A letter from Kendall Scott, author:


This isn't exactly your typical computer science book.

For one thing, it's compact but authoritative. There's no chance of you getting lost in the thickets of theory: Doug and I talk about a relatively small, yet powerful, set of tools and techniques that will add a lot of value to an object-oriented software development project, and we don't talk about things that don't add all that much value. The approach that we present here is one that Doug's used successfully, and refined continuously, in the context of dozens of projects, as a developer, trainer, and consultant, over the past six years across the United States and Europe. (Take my word for it: the man knows how to refine.)

For another thing, it's an easy read. The text is conversational-it's almost like Doug is sitting across the table from you, explaining just why robustness analysis is so critical. A "big picture" diagram, which captures the approach in a nutshell, keeps popping up, so you always know where the current topic of discussion sits with regard to the other topics. Best of all, there's a cool example that runs all the way through the book; you can see plenty of details about the associated thought process, including the false starts and errors in judgment along with the successes.

And, the book is fun, and funny. Our attitude is that a development project should be at least a little fun, and so should a book that helps you do the project. So, we show how you how to avoid being crushed under the weight of a "cement collar," getting bogged down in analysis of a morass of "light bulb objects," and straying too far from your customers by indulging in "premature patternization." (We can't help you if your equilibrium gets punctuated, though.) We'd like to think that the story about the truck-drivin', beer-swillin' Billy Bob, which we use in conclusively demonstrating that a requirement is not a use case, is worth the price of admission on its own. (Look for our next book to be an expanded version of Billy Bob's saga, a modern-day update of Dickens, set in the heart of Texas: Our Mutual Redneck Friend.)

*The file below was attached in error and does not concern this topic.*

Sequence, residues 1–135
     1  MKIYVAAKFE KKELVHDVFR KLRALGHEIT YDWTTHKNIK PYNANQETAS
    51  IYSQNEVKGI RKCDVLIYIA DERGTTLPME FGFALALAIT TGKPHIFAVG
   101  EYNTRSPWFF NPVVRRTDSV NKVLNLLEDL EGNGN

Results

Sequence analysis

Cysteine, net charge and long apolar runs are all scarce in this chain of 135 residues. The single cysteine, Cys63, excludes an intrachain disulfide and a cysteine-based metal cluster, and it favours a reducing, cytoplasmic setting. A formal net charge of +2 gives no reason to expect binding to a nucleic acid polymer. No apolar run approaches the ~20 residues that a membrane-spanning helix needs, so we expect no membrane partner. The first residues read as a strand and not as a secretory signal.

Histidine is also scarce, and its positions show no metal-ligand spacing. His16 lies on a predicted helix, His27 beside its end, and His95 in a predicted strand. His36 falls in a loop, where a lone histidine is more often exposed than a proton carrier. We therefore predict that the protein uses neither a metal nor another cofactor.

All that, and only one sentence about Microsoft in the whole book. What's not to like?

Seriously, we hope that you buy the book (many, many copies of the book, actually) and use it for all of your projects. We're eager to hear success stories. In the meantime, thanks for reading.

Kendall Scott
http://softdocwiz.com



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